Every White House effort to cool conservative opposition to Miers seems to backfire, including Bush's explanation of why the White House is stressing Miers' evangelical Christianity.
"People are interested to know why I picked Harriet Miers," Bush said Wednesday. "They want to know Harriet Miers' background ... And part of Harriet Miers' life is her religion."
On Thursday, Tony Perkins, president of the conservative Family Research Council, called the administration's efforts to woo religious conservatives by stressing Miers' religion "out of bounds."
"We are the last people on Earth to object to the news that she is a committed Christian," Perkins said in a statement. "By the same token, this fact is not grounds for certifying her to us or to the public. ... Inferences drawn from an individual's religious affiliation have no place in decisions to nominate or confirm a judicial appointee."
Jan LaRue, chief counsel of the conservative Concerned Women for America, issued an extensive position statement Monday, saying, "We find it patronizing and hypocritical to focus on her faith in order to gain support for Miss Miers."
Even Christians know that being a Christian does not automatically make one qualified to serve on the US Supreme Court. Bush is condescending to these people and they've noticed it.
While George is condescending on religion his wife is busy condescending with false charges of sexism.
Laura Bush said yesterday that some critics of Harriet Miers may be motivated by sexism, echoing an allegation that earlier infuriated conservative activists opposed to the Supreme Court nominee.
On NBC's "Today" show, Laura Bush joined President Bush in defending Miers as the "most qualified" person her husband could have appointed to the Supreme Court. She also said it's "possible" that questions about Miers's intellectual qualifications are sexist in nature, a charge other defenders of Miers have made publicly and in private conservations with conservatives opposed to the nomination.
Steve Sailer points out that if we wanted politically correct condescension from a First Lady the nation would have chosen John Kerry.
Do conservatives really need to be abused by the unelected First Lady for the high crime of diversity insensitivity toward First Family cronies? We could have had Teresa Heinz Kerry do that for us, couldn't we?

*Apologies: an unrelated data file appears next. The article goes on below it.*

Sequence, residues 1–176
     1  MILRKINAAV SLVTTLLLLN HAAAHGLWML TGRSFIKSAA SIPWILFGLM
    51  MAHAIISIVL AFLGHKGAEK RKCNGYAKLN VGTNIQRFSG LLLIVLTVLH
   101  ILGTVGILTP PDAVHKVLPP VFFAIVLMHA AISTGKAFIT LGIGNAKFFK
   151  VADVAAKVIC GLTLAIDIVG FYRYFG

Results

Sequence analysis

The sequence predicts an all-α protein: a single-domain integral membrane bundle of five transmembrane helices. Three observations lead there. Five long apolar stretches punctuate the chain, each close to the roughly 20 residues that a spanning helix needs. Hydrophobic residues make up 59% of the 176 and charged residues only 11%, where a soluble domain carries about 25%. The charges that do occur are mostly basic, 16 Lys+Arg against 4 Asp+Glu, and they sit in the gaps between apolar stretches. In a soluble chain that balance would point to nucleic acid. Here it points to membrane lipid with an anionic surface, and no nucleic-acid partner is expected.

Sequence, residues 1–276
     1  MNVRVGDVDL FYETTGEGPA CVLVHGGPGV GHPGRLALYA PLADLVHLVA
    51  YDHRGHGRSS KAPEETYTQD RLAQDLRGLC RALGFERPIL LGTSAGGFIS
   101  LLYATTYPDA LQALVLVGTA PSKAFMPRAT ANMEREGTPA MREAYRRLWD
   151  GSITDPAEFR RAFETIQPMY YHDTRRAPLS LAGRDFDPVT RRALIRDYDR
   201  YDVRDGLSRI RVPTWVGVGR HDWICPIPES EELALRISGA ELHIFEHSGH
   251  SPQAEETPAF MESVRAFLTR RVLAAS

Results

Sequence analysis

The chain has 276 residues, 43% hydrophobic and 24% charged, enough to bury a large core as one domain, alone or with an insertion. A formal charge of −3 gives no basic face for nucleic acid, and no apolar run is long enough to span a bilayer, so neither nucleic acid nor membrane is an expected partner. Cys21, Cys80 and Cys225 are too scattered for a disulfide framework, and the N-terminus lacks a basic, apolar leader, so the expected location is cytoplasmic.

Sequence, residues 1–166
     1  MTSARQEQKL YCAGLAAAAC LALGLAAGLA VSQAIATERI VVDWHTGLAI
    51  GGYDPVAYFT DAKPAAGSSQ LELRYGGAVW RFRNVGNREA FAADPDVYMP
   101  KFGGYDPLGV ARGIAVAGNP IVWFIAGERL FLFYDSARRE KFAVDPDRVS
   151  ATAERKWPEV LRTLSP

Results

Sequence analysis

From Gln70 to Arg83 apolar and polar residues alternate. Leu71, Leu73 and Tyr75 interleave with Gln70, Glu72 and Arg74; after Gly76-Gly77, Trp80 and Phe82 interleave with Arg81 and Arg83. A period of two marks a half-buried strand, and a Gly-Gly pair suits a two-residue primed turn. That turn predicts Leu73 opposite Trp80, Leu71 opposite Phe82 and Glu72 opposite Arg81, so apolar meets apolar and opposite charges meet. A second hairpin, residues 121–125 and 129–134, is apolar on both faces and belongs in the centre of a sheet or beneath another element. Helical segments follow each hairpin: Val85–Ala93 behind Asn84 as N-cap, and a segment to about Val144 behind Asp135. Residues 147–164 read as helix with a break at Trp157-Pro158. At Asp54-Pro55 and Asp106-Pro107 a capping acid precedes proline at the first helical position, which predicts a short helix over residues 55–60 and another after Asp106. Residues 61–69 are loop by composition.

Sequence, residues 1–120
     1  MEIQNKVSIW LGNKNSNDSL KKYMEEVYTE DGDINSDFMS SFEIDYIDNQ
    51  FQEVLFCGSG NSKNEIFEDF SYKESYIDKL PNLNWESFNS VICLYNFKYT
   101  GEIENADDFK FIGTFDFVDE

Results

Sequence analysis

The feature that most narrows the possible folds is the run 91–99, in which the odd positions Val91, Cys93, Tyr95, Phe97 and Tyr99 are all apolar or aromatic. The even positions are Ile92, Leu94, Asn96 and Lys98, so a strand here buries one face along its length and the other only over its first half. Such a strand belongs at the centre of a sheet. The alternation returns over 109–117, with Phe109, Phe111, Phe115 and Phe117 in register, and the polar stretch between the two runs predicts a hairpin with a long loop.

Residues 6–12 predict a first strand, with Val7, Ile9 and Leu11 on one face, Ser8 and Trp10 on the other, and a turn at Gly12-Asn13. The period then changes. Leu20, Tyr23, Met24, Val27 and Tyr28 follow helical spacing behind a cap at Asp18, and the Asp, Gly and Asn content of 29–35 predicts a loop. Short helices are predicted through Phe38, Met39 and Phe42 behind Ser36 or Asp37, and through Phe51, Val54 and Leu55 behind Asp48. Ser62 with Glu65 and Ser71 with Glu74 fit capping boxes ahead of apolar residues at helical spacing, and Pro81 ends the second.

Translation: I can consider gender factors in making my choice, but anyone who raises questions about whether this non-judge is qualified to sit on the nation's highest bench is doing so because she's a woman.
Does that smack of a double standard? Would conservative pundits really be praising a man with the same lack of judicial experience or intellectual writing?
In fact, I would argue that resorting to the old you're-attacking-her-because-she's-a-woman argument is itself a bit sexist, because you're asking potential critics to hold Miers to a different standard because she is a woman. (And don't believe politicians don't think about this. Some Republicans were salivating at the prospect that the Democrats might have to oppose Janice Rogers Brown, a black woman, and tick off two constituencies.)
The Bush-Miers letters were among more than 2000 pages of documents released this week by the Texas State Library and Archives Commission. In a 1997 Hallmark greeting card (adorned with a photo of a dog), Miers sent along belated birthday wishes and noted that "You are the best governor ever--deserving of great respect!" In another note (penned on an American Greetings card), Miers wrote that she hoped Bush's daughters realized that their parents were "cool." A 1995 Miers note thanked Bush for a visit, adding that an airplane ride with the governor was "Cool!" Sadly, the document dump did not include Miers's e-mail or IM messages, which are surely filled with loads of sappy emoticons.
Bush's power is declining in part because of the accumulation of his mistakes and in part because he can't run for reelection again.
Also see my previous post "Alexander Hamilton On Harriet Miers Appointment".
|Share |||By Randall Parker at 2005 October 14 09:16 AM Politics American Constitution|